Weary with toil, I haste me to my bed,
The dear repose for limbs with travel tired;
But then begins a journey in my head
To work my mind, when body's work's expired:
For then my thoughts--from far where I abide--
Intend a zealous pilgrimage to thee,
And keep my drooping eyelids open wide,
Looking on darkness which the blind do see:
Save that my soul's imaginary sight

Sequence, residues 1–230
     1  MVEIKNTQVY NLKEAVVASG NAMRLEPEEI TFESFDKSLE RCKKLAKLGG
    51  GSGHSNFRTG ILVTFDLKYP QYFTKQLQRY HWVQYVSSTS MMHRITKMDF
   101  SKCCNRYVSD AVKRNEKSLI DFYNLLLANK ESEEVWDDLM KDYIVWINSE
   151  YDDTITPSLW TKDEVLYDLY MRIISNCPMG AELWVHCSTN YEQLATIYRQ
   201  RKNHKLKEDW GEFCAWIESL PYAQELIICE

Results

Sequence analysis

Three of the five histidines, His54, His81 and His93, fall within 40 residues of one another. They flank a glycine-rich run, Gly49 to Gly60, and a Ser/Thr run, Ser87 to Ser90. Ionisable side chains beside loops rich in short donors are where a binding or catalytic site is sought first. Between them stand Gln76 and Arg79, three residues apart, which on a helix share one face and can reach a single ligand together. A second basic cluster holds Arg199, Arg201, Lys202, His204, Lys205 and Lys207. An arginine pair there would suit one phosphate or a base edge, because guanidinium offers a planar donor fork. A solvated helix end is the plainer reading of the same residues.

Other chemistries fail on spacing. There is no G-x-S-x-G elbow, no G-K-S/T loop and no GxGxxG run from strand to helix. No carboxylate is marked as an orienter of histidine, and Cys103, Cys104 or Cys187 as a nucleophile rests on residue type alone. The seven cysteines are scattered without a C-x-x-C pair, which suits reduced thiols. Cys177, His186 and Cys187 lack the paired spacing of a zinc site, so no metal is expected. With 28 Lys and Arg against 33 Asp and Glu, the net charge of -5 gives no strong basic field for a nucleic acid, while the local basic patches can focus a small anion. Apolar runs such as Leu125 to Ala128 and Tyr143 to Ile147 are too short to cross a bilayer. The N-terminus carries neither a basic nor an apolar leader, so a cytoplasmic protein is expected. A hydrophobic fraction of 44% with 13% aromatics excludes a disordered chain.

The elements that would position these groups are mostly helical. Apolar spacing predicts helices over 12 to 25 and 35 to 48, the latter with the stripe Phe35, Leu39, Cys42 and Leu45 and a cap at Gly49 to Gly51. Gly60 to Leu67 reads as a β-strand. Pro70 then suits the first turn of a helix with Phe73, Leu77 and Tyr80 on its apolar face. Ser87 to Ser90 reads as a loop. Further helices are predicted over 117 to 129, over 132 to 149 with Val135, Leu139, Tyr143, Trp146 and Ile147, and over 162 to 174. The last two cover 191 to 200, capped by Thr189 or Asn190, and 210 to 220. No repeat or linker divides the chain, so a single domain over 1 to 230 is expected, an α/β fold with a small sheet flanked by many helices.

Presents thy shadow to my sightless view,
Which, like a jewel hung in ghastly night,
Makes black night beauteous, and her old face new. Lo! thus, by day my limbs, by night my mind, For thee, and for myself, no quiet find.
Sonnet 27 is part of the Fair Youth sequence, in which the poet expresses his love towards another man. Sonnet 27, when written using modern spelling, is Shakespeare's only pangrammic sonnet. It forms a diptych with Sonnet 28 which continues it.
For another of Shakespeare's sonnets dealing with night, sleep and dreams see Sonnet 43.